It’s no secret that the traditional landscape and portrayed image of the outdoor world is homogeneous, historically white, and male. Yet, more and more outdoor industry leaders, activists, and brands seek to forge authentic connections with people across all backgrounds. Aerial parks and tours have been ahead of the curve in many ways, and can play a key role in the arc of the overall outdoor business.
In the last few months alone, we have seen essays addressing diversity from Teresa Baker, founder of the African American Nature and Parks Experience, and from Canada’s Mountain Equipment Co-op (MEC) CEO David Labistour. With good reason: The U.S. Census Bureau estimates that by 2044, minorities—any race that is not single-race white—will be the majority. As Outside Magazine reports, diversity and inclusion need to be a business priority for the outdoor industry in general.
As more people explore the outdoors and engage in adventure travel, aerial adventure parks play an increasingly important role in the expansion of diversity and inclusivity. The experience of two parks, Terrapin Adventures in Savage, Md., and Arizona Zipline Adventures in Oracle, Ariz., illustrates this well.
Aerial parks sit at a unique intersection of a cultural diaspora: Zip lines and aerial courses enable virtually anyone, regardless of technical skill or experience level, to participate. And they are often located in or near metropolitan areas or vacation destinations. That has allowed parks to address diverse populations across religions and cultures, able-bodied-ness, sensory impairment, languages, ethnicities, and urban populations.
Teaching Urban Youth
Not surprisingly, the proliferation of zip tours and aerial adventure parks across the continent has led to broader customer engagement among locals and travelers. Thoughtful preparations regarding backgrounds and beliefs, as well as tactful marketing, are key components to helping all guests feel invited and comfortable.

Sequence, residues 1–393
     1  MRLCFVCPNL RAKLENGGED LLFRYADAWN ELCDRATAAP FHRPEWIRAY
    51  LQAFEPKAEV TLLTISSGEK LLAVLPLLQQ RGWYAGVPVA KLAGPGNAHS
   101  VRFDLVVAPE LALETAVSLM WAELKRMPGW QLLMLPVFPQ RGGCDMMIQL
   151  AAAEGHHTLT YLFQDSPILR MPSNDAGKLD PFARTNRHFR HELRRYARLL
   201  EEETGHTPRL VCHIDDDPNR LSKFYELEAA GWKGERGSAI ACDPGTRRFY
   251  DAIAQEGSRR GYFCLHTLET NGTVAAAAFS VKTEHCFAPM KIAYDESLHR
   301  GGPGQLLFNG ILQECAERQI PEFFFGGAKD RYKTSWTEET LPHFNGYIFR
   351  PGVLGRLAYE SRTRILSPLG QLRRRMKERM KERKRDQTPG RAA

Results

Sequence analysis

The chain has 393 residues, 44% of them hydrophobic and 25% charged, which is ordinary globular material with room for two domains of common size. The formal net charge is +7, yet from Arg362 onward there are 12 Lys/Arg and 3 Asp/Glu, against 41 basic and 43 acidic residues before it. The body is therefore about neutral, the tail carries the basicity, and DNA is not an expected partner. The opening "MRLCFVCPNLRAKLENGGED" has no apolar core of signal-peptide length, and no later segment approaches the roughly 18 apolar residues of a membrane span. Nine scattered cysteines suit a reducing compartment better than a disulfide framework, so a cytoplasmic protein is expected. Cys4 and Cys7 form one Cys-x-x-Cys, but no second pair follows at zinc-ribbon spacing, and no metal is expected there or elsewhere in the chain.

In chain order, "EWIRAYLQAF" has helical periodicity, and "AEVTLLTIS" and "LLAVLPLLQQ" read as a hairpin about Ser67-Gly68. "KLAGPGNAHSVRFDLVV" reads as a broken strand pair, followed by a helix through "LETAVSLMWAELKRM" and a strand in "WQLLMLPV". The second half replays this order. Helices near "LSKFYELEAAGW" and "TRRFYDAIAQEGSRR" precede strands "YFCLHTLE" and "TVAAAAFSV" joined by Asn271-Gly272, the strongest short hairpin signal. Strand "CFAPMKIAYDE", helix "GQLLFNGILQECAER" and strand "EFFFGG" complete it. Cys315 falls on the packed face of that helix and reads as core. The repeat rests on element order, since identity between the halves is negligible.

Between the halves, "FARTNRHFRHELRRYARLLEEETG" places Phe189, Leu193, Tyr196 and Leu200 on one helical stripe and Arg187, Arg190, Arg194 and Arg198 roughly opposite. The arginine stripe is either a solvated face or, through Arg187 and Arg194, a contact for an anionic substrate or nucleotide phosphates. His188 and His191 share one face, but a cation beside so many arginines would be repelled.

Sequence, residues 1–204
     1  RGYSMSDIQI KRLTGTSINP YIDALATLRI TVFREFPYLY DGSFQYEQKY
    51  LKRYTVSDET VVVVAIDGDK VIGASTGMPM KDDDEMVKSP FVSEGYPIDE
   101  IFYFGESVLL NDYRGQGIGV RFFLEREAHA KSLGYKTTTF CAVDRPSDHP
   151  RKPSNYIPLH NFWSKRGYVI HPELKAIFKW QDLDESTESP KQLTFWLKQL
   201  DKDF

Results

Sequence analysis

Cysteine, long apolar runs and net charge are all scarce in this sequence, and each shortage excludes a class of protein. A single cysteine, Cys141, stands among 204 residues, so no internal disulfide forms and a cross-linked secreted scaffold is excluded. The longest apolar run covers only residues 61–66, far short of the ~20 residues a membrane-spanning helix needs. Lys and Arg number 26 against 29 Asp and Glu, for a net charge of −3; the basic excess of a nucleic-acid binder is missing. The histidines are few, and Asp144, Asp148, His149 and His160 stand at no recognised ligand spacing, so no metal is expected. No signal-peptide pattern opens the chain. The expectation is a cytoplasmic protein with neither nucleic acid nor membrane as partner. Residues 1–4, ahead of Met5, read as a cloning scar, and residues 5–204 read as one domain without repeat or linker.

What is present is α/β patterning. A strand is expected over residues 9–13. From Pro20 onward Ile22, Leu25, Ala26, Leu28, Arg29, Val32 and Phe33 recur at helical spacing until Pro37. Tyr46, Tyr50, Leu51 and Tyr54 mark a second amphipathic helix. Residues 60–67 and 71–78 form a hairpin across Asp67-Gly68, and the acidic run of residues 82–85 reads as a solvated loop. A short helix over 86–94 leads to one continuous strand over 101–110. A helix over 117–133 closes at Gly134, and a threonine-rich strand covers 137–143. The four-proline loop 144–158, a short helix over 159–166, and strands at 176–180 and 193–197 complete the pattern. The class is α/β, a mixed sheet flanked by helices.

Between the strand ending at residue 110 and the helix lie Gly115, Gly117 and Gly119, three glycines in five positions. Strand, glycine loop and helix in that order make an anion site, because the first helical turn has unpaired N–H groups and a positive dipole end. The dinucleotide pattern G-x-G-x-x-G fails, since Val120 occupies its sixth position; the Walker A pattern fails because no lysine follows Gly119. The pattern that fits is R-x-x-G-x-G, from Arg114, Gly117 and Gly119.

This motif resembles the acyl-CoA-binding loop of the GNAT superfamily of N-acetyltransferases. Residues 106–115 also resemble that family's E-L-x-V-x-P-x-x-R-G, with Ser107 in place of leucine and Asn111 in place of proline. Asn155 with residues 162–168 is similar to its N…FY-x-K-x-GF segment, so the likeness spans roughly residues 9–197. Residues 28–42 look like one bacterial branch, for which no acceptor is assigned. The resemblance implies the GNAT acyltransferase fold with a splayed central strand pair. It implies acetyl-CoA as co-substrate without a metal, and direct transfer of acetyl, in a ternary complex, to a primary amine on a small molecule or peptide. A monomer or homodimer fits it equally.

Terrapin Adventures greatly focuses this effort on youth. The park hosts an average of 30 urban school groups annually from Baltimore and Washington, D.C., for single and multi-day adventures.
The group sizes range from 30 to 125 students, and ages 12 to 17. In total, 60 percent of the site’s annual volume is comprised of the school groups, estimates Matt Baker, chief adventure officer of Terrapin Adventures. About 95 percent of the groups come for a day visit, while a handful of select groups—such as Boy Scouts of America and Terrapin Adventure summer camp attendees—stay overnight, nearby, for a multi-day adventure.
Due to a range of cultural, social, and economic backgrounds, many of these kids have no prior experience with exploring and playing in the woods, so they require extra time and education from the guides.
“A lot of inner-city kids aren’t used to being in the woods, so they get sensitive to cold, rain, heat, and the overall conditions,” says Baker. Most of the attending youth from inner-city schools are African American, although a significant portion—15 percent—is Hispanic, according to Baker. Guides are briefed prior to any group visits, so that they can prepare for the goals, age, and needs of the individuals.
If the temperatures spike—like last summer’s 98-degree days with 90 percent humidity—then the kids will hydrate more and take frequent breaks to go indoors, where they can play team-building games in the comfort of air-conditioned rooms. Terrapin sends group liaisons an advance reminder of what the participants should wear, so that the kids are comfortable all day.
“Most of the kids do enjoy the forest, though some are concerned about bugs. We explain what they are seeing out there, along with using the ‘challenge by choice’ doctrine,” says Baker. That principle allows participants to opt into or out of various activities and to be supported by the group.
“We have a lot of repeat business—a new 8th grade class every year, for example, and many repeat youth groups. We also work with student tour groups,” explains Baker. Overall, half of Terrapin’s annual business is repeat. New customers are attained via referrals, an SEO campaign, and digital marketing that targets teachers, administrators, Girl and Boy Scout troops, religious youth groups, local camps, and student tour operators.